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Photo: The Stuttgart Ballet.
Alicia Amatriain as Ophelia and
Evan McKie as Laertes in
Kevin O'Day's Hamlet.
Designed by Tatyana von Walsum, the set looked like an ossified morgue where funeral rites were held, while the squeaking noises from the outside traffic shattered the prevailing silence. Dimly lit by Mark Stanley, the succession of scenes resembled a patchwork of episodes rather than a drama propelled by an unstoppable drive. Much of the dancing, to an original score by John King, was quite exciting in that virtuosic global classical-modern style. But apart from Hamlet, characters were recognizable only if one knew of their role in the play and hardly by their motivating actions, let alone by individual character traits.
Things tightened up during the second act, which started with a giant mambo party. A company of dancers replaced Shakespeare’s troupe of actors, with Hyo-Jung Kang and Alexis Oliveira performing the mouse-trap charade in disco manner. Later on, the entanglements between characters— Gertrude as the mother of Hamlet (the warm-hearted, dominating Bridget Breiner); King Claudius (the lecherous Jirí Jelinek); the befuddled Polonius (Laurent Gilbaud); the straightforward Laertes (Evan McKie); and the faithful Horatio (Alexander Jones)—got rather inextricable, until the final fight developed with real dash and swagger.
It seems a pity, though, that O’Day, artistic director and chief choreographer of Mannheim Ballet, cast Ophelia and Hamlet against their nature. The Canadian Jason Reilly, Stuttgart’s dangerously frightening Othello, is much too explosive a dancer to dig deeply into the soul of the ever-hesitating Hamlet. Dancing with untamed vigour, his confusion seemed rather fake. And Alicia Amatriain—pretending to be a frail, vulnerable, and tender Ophelia—appeared ready to explode from her strictly corseted movements and let her elemental instincts reign free.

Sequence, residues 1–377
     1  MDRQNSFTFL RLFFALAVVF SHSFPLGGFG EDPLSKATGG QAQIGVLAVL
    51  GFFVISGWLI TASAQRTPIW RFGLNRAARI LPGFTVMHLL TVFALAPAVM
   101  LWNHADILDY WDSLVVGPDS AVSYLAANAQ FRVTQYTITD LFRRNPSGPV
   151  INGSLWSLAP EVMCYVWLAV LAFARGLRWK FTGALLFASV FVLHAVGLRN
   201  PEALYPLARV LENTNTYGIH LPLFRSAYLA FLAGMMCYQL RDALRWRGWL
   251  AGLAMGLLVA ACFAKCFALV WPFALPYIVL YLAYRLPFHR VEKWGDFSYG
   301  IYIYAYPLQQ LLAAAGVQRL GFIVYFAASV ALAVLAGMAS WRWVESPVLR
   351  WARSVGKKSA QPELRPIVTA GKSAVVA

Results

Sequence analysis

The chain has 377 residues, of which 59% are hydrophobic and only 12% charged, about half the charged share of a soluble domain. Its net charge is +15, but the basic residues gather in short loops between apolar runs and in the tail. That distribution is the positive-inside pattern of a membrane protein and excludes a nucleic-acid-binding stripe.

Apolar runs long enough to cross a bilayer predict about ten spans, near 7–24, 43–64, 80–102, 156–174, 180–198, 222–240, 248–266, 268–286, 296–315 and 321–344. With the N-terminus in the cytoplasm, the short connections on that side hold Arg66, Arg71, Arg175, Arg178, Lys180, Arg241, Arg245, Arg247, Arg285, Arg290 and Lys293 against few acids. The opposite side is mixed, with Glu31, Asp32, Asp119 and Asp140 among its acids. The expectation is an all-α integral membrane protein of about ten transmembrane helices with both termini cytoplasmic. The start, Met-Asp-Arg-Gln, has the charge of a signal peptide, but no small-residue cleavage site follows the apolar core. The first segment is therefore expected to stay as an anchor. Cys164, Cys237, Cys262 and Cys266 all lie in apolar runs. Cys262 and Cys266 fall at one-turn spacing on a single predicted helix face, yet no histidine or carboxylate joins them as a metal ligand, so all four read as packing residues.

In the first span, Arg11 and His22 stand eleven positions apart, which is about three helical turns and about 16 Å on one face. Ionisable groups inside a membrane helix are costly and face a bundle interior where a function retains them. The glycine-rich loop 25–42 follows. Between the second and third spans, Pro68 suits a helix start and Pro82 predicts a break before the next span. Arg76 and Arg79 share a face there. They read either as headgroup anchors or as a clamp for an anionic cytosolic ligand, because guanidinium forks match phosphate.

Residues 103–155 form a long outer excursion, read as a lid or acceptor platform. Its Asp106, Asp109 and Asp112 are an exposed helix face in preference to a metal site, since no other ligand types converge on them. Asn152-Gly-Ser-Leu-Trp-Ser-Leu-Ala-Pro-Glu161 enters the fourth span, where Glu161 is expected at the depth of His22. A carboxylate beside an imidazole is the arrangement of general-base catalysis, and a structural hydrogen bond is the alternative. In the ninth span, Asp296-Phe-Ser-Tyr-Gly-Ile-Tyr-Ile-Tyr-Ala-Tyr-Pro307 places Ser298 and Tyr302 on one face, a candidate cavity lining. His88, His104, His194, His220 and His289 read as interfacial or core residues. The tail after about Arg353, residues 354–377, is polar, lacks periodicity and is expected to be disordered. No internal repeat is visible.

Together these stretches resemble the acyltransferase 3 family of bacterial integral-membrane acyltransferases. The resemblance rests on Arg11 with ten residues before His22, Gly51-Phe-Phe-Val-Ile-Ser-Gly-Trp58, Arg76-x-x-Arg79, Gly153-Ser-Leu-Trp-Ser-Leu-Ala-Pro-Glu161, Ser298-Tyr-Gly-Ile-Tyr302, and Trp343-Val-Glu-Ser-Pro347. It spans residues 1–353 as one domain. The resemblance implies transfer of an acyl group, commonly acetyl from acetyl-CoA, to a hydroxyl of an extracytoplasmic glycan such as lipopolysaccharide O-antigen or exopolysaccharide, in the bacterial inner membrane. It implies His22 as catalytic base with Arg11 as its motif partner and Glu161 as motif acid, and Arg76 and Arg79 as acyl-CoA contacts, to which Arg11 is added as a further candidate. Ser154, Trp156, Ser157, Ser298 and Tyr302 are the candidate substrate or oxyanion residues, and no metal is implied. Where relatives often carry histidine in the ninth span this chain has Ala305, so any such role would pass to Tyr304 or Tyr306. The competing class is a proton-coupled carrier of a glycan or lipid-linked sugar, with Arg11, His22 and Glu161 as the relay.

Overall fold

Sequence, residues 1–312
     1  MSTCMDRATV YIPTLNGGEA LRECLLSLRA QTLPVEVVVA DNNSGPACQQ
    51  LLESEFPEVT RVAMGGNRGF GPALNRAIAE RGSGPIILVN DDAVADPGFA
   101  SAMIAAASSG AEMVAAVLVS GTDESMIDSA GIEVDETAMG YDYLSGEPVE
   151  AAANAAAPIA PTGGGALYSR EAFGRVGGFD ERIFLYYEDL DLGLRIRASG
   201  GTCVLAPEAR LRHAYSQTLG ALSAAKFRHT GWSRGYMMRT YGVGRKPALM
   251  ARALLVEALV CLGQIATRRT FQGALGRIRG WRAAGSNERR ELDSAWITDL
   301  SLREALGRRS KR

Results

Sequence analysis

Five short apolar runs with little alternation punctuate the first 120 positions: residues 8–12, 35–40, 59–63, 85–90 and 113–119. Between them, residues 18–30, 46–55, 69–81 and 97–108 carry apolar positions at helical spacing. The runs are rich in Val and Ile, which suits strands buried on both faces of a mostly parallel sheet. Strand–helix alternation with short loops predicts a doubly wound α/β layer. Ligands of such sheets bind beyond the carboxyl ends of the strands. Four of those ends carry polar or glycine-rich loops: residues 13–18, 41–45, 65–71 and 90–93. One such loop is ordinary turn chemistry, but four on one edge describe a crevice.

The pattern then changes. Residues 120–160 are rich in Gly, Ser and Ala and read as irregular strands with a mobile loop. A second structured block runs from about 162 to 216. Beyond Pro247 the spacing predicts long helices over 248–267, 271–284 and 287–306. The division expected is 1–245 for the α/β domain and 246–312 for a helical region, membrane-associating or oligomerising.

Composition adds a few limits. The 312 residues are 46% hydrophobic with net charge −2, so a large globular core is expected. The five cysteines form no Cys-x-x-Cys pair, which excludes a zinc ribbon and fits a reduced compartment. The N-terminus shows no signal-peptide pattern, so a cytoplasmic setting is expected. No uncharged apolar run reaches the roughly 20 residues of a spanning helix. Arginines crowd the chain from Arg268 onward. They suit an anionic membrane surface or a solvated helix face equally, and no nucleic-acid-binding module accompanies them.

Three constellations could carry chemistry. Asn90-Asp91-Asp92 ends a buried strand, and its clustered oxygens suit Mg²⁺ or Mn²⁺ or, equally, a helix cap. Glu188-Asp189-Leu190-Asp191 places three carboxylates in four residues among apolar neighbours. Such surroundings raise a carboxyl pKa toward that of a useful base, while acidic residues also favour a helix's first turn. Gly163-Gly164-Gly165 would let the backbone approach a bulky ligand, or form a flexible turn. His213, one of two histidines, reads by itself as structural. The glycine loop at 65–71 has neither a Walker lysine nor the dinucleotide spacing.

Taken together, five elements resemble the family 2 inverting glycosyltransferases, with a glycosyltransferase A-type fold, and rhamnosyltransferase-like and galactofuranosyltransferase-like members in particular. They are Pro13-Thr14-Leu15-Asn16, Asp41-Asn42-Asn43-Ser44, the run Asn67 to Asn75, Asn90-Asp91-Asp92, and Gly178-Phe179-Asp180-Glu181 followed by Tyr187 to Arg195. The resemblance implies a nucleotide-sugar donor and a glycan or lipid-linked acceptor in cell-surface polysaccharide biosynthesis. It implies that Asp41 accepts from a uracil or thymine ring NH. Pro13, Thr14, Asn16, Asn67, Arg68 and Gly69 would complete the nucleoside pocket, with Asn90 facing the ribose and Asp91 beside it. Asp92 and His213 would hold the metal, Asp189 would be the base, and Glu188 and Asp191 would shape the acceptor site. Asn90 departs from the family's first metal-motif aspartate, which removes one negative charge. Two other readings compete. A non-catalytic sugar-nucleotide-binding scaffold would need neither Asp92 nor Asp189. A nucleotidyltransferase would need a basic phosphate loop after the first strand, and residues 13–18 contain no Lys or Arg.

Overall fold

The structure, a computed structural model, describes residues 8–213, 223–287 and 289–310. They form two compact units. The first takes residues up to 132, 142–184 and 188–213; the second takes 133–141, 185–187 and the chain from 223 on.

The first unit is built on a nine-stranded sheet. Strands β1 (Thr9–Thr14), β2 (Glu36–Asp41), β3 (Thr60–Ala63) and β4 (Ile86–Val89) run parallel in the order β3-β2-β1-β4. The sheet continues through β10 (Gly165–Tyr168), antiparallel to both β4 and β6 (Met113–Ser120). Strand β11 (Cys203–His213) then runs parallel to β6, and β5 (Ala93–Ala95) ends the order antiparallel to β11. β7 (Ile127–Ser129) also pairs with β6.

With Sébastien Galtier and Mikhail Soloviev performing Rosencrantz and Guildenstern like buskers from some vaudeville show, and Arman Zazyan rhythmically drumming a skull, Stuttgart again demonstrated the superiority of its male contingent. But with all the violent and frantic outbursts of movement in the solo and ensemble scenes, the overall choreography appeared like a fountain suffering from hiccups. One longed for a choreographer able to distill Shakespeare’s immortal verses into a rigorous pattern.